Region-Specific Remote-Sensing Models for Predicting Burn Severity, Basal Area Change, and Canopy Cover Change following Fire in the Southwestern United States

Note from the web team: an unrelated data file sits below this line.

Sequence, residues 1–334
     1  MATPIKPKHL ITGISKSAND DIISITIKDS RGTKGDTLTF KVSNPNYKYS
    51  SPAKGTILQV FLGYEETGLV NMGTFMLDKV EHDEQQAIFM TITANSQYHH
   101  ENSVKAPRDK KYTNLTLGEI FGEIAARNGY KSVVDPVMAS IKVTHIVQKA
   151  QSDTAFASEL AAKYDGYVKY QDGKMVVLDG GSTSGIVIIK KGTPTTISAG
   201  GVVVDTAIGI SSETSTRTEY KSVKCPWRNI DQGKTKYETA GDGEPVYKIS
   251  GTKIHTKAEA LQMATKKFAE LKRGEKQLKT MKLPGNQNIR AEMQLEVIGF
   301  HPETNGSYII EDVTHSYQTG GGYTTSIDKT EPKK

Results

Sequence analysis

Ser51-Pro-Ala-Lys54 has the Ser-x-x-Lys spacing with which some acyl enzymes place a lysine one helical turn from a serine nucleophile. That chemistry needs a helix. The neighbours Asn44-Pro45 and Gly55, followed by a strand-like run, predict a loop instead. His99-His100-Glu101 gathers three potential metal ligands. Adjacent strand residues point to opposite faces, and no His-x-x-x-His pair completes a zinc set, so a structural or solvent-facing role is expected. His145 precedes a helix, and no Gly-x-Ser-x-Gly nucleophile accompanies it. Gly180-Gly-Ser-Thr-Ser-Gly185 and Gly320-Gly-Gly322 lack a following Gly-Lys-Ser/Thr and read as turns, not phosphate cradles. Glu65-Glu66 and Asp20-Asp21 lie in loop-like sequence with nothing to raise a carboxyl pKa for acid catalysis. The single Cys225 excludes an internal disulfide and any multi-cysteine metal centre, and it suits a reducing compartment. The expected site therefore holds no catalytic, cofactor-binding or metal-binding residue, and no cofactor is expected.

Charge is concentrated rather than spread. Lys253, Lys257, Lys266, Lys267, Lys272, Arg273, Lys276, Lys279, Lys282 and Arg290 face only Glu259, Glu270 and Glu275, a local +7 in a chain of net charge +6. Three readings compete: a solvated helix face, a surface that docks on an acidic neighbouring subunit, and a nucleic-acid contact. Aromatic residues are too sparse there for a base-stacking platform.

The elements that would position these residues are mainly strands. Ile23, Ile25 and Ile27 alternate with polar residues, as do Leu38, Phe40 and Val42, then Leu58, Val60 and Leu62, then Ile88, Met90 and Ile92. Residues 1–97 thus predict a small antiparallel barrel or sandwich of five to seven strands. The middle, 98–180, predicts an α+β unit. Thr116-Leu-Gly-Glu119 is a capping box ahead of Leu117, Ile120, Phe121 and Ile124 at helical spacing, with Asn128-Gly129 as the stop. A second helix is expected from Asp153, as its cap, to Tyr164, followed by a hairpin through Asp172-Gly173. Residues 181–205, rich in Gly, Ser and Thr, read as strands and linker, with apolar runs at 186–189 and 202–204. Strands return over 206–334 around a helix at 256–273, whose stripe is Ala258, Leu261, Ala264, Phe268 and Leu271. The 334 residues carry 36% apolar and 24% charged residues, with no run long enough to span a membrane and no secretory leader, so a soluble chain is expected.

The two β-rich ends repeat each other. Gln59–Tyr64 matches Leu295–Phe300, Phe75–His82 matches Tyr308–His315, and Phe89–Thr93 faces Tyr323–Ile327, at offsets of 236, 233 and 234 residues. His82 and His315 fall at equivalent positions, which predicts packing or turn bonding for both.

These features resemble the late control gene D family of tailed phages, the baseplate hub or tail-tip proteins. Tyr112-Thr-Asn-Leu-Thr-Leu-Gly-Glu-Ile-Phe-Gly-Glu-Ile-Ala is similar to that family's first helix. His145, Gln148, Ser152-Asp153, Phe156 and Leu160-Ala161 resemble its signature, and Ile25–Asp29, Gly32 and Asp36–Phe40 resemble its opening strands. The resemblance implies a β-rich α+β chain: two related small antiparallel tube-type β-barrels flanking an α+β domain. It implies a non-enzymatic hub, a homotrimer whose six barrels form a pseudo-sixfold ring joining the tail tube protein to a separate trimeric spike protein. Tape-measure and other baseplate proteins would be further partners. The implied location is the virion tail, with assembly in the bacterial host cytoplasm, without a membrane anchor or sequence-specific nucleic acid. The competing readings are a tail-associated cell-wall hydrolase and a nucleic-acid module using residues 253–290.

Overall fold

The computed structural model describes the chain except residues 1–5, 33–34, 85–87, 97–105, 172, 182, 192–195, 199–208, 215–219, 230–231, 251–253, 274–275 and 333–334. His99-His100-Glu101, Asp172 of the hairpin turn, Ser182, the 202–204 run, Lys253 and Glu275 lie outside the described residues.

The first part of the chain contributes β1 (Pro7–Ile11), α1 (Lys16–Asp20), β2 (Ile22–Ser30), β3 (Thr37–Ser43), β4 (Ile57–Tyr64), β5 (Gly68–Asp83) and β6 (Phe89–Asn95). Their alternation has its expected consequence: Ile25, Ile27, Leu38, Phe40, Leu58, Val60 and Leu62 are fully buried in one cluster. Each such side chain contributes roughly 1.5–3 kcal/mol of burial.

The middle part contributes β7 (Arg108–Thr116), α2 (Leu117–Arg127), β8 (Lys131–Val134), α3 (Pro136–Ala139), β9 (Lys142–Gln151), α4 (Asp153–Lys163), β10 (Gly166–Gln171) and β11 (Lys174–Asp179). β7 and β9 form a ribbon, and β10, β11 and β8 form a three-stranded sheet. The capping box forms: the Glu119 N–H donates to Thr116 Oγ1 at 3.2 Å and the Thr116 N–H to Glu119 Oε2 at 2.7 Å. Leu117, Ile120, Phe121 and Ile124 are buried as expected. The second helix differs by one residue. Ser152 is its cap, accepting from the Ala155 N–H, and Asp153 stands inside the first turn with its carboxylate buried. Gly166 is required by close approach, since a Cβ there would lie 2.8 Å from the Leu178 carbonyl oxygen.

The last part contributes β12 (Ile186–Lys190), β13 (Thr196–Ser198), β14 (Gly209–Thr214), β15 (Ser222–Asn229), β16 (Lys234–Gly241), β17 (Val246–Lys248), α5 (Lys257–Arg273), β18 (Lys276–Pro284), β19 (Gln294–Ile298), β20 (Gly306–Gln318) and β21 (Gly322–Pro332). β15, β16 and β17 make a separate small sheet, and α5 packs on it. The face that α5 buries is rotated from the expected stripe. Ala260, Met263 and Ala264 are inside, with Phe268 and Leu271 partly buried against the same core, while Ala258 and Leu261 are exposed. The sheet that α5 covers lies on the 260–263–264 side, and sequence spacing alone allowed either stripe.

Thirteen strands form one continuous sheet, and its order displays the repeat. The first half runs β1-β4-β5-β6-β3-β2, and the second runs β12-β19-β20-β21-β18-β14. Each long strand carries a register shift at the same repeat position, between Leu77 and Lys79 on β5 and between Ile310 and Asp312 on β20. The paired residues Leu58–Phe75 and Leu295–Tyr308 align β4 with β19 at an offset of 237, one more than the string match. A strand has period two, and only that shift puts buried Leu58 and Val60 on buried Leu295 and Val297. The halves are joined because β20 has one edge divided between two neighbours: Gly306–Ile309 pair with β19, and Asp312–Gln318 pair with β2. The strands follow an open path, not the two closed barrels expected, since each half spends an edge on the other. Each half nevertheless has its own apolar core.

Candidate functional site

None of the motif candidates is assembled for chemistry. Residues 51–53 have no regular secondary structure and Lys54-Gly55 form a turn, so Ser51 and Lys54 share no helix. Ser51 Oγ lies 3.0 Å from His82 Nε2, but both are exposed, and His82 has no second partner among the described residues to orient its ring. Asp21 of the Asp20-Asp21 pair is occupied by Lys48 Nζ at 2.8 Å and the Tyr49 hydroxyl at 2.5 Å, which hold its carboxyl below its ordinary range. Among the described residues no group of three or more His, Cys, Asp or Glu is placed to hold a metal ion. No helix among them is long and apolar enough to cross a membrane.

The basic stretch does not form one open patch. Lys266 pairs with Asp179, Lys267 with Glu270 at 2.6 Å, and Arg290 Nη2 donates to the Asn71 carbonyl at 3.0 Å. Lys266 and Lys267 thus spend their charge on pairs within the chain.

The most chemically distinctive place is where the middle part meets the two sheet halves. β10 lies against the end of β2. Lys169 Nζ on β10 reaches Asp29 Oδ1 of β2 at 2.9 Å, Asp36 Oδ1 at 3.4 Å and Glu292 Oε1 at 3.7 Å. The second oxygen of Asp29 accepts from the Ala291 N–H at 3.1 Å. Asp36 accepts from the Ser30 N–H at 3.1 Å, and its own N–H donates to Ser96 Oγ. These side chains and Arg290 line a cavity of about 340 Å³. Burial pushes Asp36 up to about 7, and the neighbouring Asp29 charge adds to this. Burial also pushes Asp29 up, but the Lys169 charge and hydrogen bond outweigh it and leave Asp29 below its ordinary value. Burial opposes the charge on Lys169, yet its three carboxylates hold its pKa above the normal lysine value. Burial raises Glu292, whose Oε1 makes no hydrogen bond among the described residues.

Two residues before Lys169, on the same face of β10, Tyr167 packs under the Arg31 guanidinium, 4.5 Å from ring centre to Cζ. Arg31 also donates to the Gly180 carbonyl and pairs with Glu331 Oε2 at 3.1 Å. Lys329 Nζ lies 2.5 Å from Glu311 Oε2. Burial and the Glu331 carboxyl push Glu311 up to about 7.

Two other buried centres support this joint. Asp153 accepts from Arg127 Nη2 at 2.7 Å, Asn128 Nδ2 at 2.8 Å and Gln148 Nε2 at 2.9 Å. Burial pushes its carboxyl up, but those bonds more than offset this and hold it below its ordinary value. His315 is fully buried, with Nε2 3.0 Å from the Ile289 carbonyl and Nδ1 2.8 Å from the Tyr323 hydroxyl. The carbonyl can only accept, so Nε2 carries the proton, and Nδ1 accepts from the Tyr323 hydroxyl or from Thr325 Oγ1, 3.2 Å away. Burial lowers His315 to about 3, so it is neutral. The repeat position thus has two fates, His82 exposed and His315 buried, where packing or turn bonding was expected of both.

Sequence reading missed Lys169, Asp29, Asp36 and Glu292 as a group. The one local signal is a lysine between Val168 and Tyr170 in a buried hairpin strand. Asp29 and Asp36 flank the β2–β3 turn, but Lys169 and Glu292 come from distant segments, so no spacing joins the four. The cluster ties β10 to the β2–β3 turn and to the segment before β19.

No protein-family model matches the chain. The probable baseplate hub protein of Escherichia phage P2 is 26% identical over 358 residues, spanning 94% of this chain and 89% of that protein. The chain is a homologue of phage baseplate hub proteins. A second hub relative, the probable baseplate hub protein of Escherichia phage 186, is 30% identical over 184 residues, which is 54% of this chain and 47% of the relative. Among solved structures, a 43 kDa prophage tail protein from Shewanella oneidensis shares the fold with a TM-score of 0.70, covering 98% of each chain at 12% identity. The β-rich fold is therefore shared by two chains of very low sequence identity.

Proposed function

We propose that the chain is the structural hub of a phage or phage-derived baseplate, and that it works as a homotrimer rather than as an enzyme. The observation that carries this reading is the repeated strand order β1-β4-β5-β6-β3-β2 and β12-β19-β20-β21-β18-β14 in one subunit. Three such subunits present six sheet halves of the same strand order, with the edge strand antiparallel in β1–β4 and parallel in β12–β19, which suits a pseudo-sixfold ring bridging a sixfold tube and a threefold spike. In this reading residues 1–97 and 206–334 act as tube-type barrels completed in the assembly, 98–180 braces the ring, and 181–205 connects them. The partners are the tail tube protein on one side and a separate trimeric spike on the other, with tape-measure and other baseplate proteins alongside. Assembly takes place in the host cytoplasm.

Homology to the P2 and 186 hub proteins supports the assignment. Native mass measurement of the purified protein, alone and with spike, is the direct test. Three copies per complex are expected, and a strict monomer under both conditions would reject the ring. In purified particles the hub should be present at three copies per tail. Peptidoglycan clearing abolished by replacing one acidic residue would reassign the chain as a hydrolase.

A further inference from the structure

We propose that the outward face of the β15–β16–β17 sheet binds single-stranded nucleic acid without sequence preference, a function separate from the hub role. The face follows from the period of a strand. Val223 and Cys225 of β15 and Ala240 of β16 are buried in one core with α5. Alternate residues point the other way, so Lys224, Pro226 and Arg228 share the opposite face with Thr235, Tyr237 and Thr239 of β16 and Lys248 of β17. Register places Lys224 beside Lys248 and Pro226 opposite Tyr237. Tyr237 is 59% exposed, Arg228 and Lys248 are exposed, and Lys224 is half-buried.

Estimates of burn severity and forest change following wildfire are used to determine changes in forest cover, fuels, carbon stocks, soils, wildlife habitat, and to evaluate fuel and fire management strategies and effectiveness. However, current remote-sensing models for assessing burn severity and forest change in the U.S. are generally based on data collected from California, USA, forests and may not be suitable in other forested ecoregions. To address this problem, we collected field data from 21 wildfires in the American Southwest and developed region-specific models for assessing post-wildfire burn severity and forest change from remotely sensed imagery. We created indices (delta normalized burn ratio (dNBR), relative delta normalized burn ratio (RdNBR), and the relative burn ratio (RBR)) from Landsat and Sentinel-2 satellite imagery using pre- and post-fire image pairs. Burn severity models built from southwest U.S. data had clear advantages compared to the current California-based models. Canopy cover and basal area change models built from southwest U.S. data performed better as continuous predictors but not as categorical predictors.